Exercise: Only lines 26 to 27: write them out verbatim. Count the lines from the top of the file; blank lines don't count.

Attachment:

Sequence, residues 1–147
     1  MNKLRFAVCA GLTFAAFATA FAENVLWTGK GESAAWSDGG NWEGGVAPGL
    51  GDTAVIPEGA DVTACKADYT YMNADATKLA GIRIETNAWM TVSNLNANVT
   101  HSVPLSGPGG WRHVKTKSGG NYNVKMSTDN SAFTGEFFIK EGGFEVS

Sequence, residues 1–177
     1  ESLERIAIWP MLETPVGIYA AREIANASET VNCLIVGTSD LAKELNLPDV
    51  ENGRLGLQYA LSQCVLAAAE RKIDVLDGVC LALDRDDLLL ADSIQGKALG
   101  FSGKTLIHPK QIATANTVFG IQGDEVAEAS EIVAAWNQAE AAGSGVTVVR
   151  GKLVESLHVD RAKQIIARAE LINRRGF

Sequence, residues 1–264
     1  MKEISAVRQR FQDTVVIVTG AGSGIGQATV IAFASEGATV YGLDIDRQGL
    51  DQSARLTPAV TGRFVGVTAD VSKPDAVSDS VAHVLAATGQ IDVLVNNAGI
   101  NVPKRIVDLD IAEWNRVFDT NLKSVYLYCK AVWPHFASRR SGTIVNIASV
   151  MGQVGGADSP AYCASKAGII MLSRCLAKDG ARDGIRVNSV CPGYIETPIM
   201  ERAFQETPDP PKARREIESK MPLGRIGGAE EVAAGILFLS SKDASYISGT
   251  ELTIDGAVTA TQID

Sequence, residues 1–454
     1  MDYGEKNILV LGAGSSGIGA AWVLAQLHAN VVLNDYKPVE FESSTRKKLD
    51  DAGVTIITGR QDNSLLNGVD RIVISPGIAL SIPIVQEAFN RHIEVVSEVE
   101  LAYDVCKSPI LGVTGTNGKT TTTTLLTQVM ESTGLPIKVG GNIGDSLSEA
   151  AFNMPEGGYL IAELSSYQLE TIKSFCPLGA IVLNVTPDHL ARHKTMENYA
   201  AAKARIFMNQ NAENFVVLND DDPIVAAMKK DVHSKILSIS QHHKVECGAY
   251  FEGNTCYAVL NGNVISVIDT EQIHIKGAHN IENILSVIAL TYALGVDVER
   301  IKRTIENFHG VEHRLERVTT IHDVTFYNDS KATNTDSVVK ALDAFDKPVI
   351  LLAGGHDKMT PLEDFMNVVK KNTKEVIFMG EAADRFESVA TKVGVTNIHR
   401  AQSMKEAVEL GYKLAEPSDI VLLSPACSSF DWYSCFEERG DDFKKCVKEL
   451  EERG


   401  AQSMKEAVEL GYKLAEPSDI VLLSPACSSF DWYSCFEERG DDFKKCVKEL
   451  EERG